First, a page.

T.K. Harris: Jack.  I can't help but smile thinking about him and how much great feed back I've already gotten from readers about him.  He is the type of character I think both men and women would be drawn to.  He is charismatic, and a kick-ass FBI agent, but he is far from perfect.  He has had his heart broken, takes his cases too personally, and is sort of a lost soul that refuses to give up.  I think he is someone we can all relate to on some level.

RF: In one of the chapters you mention a character listening to an audio version of a John Grisham book. Later you reference a lunch the character has at a “Cracker Barrel” restaurant. Those are just a couple of allusions to the world we live in now, which I assume you find as an effective way to integrate the reader into the “reality” of your world as well. Why was the mention of modern brands, catch phrases, and euphemisms a stylistic choice you went with for your novel?

T.K. Harris:  I wish I could say that I was that preemptive.  Sadly I just went with "what I knew".   In this case, things I myself had done.  In fact, that's how I started reading Grisham.  A long road trip and an audio tape!

RF: Fair enough. So it wasn't necessarily “preemptive” but have you come to believe there’s something about using common brand names in a crime drama that makes the trappings of the book more real, therefore the “threat” of violence more real as well?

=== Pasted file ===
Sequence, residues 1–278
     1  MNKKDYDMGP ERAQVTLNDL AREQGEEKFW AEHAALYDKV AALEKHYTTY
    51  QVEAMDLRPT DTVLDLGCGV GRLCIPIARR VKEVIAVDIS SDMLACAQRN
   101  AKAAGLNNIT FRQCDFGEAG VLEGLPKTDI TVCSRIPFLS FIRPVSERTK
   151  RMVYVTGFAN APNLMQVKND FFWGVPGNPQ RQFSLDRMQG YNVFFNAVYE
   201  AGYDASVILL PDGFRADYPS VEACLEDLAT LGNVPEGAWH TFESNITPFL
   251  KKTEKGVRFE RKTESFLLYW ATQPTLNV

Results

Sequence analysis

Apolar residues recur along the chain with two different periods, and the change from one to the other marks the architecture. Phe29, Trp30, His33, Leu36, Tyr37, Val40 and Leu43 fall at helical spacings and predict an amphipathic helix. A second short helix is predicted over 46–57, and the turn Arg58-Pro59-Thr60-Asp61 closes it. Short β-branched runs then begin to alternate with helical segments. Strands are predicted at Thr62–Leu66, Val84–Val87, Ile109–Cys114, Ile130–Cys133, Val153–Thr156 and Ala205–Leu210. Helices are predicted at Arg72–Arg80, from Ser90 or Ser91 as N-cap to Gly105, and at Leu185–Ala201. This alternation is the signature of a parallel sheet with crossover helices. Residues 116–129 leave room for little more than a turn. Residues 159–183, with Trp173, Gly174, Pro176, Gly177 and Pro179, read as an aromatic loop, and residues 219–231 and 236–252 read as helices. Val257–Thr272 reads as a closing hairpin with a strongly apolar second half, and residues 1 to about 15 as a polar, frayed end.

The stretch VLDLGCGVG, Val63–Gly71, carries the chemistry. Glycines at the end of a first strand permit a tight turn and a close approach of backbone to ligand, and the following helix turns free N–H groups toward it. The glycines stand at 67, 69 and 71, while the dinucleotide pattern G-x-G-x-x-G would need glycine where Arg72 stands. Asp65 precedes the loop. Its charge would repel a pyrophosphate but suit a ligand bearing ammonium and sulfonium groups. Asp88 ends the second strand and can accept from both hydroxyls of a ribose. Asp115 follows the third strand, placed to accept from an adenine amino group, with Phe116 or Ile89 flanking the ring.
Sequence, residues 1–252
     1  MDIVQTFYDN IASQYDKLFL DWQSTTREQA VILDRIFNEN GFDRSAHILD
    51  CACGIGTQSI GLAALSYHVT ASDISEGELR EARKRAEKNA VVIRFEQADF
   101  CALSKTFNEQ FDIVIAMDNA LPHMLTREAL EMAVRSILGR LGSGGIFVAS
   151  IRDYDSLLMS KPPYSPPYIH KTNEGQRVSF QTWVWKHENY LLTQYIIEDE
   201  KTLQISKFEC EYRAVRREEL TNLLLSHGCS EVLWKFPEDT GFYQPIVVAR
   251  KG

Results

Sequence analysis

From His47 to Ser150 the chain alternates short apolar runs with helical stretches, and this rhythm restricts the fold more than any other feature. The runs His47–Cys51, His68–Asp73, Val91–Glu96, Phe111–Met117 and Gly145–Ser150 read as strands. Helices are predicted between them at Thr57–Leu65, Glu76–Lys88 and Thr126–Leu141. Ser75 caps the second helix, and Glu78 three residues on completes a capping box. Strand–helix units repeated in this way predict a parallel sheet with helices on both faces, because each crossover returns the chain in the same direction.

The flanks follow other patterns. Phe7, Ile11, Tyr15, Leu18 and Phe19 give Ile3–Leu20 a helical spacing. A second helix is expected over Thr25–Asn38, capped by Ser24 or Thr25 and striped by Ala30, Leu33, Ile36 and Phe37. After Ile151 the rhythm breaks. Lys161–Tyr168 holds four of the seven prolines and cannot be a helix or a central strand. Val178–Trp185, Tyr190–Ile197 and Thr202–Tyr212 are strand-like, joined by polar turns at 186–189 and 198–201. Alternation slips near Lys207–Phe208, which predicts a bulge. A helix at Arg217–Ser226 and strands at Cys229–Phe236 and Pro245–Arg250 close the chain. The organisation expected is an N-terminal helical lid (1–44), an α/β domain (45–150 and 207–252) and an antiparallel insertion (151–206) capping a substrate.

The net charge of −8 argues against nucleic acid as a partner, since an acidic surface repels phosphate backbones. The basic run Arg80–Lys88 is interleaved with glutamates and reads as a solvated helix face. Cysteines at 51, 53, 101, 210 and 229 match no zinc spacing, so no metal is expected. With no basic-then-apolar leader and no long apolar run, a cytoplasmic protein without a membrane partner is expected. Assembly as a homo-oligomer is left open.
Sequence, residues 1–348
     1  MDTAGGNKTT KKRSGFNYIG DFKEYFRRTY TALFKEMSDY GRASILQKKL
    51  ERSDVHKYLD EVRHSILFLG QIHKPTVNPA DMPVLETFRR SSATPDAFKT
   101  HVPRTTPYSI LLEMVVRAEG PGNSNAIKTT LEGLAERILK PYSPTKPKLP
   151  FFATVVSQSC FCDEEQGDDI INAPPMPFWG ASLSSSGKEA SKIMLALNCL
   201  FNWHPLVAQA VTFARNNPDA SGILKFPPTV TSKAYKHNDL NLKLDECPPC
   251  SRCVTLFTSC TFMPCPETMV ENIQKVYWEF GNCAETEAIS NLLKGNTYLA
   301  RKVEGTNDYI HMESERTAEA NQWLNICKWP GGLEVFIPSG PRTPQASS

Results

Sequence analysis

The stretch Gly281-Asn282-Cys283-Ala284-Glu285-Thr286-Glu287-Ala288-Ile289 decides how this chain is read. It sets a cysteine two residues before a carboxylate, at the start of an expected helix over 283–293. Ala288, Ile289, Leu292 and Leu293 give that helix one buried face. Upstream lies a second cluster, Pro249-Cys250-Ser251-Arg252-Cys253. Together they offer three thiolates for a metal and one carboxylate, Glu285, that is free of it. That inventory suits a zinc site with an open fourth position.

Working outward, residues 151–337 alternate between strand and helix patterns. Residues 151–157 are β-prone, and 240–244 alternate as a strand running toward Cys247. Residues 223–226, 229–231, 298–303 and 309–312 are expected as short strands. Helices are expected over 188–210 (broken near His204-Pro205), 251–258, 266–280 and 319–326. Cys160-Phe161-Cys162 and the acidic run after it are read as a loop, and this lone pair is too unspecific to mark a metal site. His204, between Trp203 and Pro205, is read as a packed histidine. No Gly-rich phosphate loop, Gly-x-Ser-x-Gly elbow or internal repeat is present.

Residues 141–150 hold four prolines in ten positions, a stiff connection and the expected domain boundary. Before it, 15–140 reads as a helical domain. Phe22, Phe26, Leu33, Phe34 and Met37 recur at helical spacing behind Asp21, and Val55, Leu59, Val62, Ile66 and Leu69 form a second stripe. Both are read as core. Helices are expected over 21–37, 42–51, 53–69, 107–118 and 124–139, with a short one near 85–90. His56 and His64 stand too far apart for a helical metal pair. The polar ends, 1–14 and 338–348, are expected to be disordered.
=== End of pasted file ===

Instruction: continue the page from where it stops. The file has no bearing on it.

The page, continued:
T.K. Harris: Definitely!  The more realistic, the more things people can relate to, the easier it is to suspend disbelief.  Or that's my goal.  However, I try not to use too many things specific to a particular year.  Like a popular song or something.  They come and go so quickly, someone might not get the reference.  But John Grisham and Cracker Barrel… I figure I'm safe for a few years on those references!

RF: The female protagonist, Kathy Gilliam, is suspected of being a killer, and yet she initially maintains an essentially… boring life. What’s the trick to depicting characters that are leading boring lives, but must “come alive” for readers?